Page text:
fish taco food truckThere’s a reason why. These aren’t your regular petite fistful Mexican tacos in corn tortillas, but large gourmet tacos in soft big flour wraps. Bursting with perfectly cooked and seasoned seafood, and a generous amount of lightly dressed slaw, three to an order is worth the $9. I was plenty full after just two.

Food is always the best part about visiting Portland’s intense food cart scene, and the Fishbox keeps its side of the bargain up quite nicely on that end. But the stories behind the carts really make me smile. Everyone is unique, and has a terrific story to tell. We think it’s the people that contribute as much to our vibrant cart community as much as the food does. The Fishbox is yet another wonderful, friendly, and tasty addition to our always cool food cart scene.

Sample Menu (contact vendor for current menu and pricing):

  • Seared Ahi Tuna or Wild Salmon Tacos – $9
  • New England Style Clam Chowder – small $4, large $6
  • Veggie Fried Rice Bowl – $5. With tuna or salmon, $9
  • Wild Salmon Satay with Asian pesto and veggie fried rice – $9

Hours: Tues-Sun, 12 – 8pm

Hours of Operation. Hours of Frustration.

Food Carts Portland

I’ve tried to visit this cart but they are never open!  The hours posted on your website are wrong! I drove all the way from Scappoose and all the other carts were open, but this cart was closed!

Cart diners: What do you think? Is this a big issue for you when dining at carts and what do you think carts can do to be better about it?

Business owners: How important is keeping regular business hours and how do you let people know when you are going to be closed, or when you change your business hours? What challenges do you face in keeping and communicating your schedules?

We’ve been running Food Carts Portland since 2007, and have just about seen and heard every question, comment, compliment and complaint out there about the carts. But the number one gripe we continue to receive from readers to our website, Facebook page and Twitter? Food Carts’ Hours of Operation.

There’s nothing more frustrating than wanting to visit a specific cart and making the haul out there only to find out their posted hours on our website have changed or for some unknown reason they are closed.  Or, assuming a cart keeps hours similar to other carts, or for some carts even keep regular open hours (a few very much do not). Trust us, it’s our frustration as well. This is especially true when a cart contacts us to give them a write up, we ask when they are open, and then go out there only to find a big old CLOSED sign up. We know of more than a few carts that have lost fans and customers – permanently – because of this issue.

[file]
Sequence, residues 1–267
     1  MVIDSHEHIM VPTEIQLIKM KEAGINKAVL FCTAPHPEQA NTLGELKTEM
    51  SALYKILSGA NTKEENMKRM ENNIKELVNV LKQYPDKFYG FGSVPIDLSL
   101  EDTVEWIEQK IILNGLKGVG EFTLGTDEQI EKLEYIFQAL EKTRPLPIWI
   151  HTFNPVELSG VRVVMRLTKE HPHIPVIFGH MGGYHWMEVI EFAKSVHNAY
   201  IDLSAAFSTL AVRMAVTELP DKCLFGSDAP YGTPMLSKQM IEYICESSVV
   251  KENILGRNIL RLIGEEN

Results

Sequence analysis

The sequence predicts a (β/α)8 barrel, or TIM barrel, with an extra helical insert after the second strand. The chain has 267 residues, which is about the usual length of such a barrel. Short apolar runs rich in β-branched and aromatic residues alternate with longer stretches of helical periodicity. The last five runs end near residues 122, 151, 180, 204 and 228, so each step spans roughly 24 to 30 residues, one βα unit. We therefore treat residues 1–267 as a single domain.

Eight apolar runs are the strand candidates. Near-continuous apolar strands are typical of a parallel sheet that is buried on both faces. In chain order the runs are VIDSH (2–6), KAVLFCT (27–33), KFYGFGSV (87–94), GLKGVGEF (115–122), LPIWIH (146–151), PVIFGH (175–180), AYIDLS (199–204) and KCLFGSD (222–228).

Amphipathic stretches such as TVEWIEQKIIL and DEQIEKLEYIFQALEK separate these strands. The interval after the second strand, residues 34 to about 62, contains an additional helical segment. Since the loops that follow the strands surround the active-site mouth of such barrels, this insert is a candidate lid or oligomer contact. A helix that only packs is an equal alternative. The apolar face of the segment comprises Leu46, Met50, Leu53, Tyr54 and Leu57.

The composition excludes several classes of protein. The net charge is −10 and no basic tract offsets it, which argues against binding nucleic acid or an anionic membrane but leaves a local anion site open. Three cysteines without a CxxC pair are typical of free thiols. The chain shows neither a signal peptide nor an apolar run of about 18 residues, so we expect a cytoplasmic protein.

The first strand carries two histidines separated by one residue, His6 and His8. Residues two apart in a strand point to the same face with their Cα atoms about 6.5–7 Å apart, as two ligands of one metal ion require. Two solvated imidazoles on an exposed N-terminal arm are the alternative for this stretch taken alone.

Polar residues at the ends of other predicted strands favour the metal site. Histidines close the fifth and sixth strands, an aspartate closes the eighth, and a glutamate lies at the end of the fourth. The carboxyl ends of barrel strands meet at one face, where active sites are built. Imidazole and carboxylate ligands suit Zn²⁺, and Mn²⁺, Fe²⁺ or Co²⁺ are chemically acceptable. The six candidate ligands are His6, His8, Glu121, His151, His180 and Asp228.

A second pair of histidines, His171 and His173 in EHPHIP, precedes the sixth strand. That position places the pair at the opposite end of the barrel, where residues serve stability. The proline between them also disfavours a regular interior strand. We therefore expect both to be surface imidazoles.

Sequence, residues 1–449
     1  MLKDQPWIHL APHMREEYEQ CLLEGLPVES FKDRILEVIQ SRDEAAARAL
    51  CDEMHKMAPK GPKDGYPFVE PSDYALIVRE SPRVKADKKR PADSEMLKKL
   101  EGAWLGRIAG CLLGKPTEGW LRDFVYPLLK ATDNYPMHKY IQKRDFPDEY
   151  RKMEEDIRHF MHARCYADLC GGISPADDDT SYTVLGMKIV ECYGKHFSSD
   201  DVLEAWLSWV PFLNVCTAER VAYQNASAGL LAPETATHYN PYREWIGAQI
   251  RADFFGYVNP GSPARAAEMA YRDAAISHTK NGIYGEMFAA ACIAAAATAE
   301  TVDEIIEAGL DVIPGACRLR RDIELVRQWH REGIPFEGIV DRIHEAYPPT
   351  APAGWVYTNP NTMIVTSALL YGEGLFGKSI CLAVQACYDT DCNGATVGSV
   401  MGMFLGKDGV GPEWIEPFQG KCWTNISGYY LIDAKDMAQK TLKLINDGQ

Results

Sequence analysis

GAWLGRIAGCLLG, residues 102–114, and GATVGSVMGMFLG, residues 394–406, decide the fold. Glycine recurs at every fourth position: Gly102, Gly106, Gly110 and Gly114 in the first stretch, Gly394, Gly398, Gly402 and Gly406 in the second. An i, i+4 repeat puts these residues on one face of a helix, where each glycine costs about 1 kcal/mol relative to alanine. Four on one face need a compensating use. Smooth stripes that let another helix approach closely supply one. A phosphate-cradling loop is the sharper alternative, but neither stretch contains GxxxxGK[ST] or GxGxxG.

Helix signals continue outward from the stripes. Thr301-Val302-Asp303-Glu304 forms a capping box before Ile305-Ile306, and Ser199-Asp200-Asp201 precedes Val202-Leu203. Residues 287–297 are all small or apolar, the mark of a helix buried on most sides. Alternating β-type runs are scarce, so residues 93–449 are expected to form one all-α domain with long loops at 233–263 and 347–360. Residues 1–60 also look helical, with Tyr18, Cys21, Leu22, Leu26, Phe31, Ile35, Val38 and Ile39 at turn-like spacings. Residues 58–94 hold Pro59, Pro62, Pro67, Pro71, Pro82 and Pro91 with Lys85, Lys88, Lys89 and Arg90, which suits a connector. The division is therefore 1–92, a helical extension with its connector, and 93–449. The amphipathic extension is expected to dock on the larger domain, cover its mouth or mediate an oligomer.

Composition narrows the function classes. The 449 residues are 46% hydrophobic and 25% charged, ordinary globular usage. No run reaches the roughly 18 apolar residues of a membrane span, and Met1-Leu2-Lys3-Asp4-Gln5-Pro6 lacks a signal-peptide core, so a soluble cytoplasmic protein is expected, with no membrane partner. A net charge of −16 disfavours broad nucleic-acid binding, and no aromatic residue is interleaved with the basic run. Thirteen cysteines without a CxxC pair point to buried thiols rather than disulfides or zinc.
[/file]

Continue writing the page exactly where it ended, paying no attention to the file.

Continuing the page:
On the flipside, we understand and respect the cart owners’ issues and limited resources. More than any other businesses we know of, food carts follow supply and demand quickly and accordingly. If it’s a rainy, cold Sunday in June and only one person has stopped by, a cart will decide Sundays are no longer feasible. Heck, some of them just close up that day if there aren’t any customers. Makes sense. Why waste valuable time and money? And yes, hours do change depending on the seasons, locations, and amount of resources a cart owner has. Some are solo operations – if an owner gets ill, that’s it, there is no backup. Or, if something in the cart breaks and they can’t operate until a special piece of equipment is fixed and the parts for it are available. Or, a worker flakes, suddenly quits, or otherwise can’t be there and the owner runs another cart or has a catering gig or something, well, we are out of luck again. Of course, Food Carts Portland tries, but we can’t be at all 450 plus food carts to get updated hours on a daily, weekly or even monthly basis. We rely on cart owners and cart eaters to let us know and even then, it is a challenge.

Yes, some carts are more professional than others, keeping everyone abreast of their hours on their websites, twitter updates and even email lists. And others? Well, let’s just be kind and call these “starter businesses”. They are still learning the fundamentals of marketing, business communications, and what it takes on a daily basis to run a business and are stretched thin in time, money and other resources. Some don’t speak English, have smart phones, or know how to use social media, and this makes communications a challenge. Some simply don’t have the money to hire more workers, and some are just starting out and have mechanical and other problems. But yes, some carts are simply flakey.

Business owners: If your hours change, simply drop us a line at We won’t publish last minute schedule changes or closures; that’s when social media can help you. Get a Facebook page and Twitter account. Get a website that’s easy to update and keep it updated. Try, try, try to keep regular hours. It’s important for your reputation, in gaining and keeping loyal customers, and your livelihood overall.

Our advice to diners? If you are really, really craving a certain cart CALL AHEAD right before you visit. Or, just take it in stride and look at it as an adventure. Have a back up cart plan. And do let us know when a cart changes posted hours by email us here. It really helps us keep this site updated and correct.

Happy Carting,

The Food Carts Portland Team.

Meetup at Mississippi Marketplace – Saturday

Food Carts Portland

Hey everyone, we’re having a little get together at Mississippi Marketplace this Saturday. Our hope is that you’ll want to come out, try some amazing food, maybe a beer from PROST! and say hi to me (Dieselboi) and Cuisine Bonne Femme. We have a bonus for you also. The first 50 people to come say “Hi” will get a free cupcake from The Sugar Cube, an amazing dessert cart in the pod. We’ll be the ones with the balloons.

Mississippi Marketplace is located at the corner of N Mississippi and Skidmore and is the host to nine food carts that serve a range of dishes from breakfast to lunch to dinner. Anchored by PROST!, a German pub, you can enjoy your cart food while imbibing a tasty German beverage.

Hope to see you there.

Food Carts Portland Meetup
Saturday, March 20, 2-4pm
Mississippi Marketplace, N Mississippi and Skidmore
Rain or Shine (they have awnings)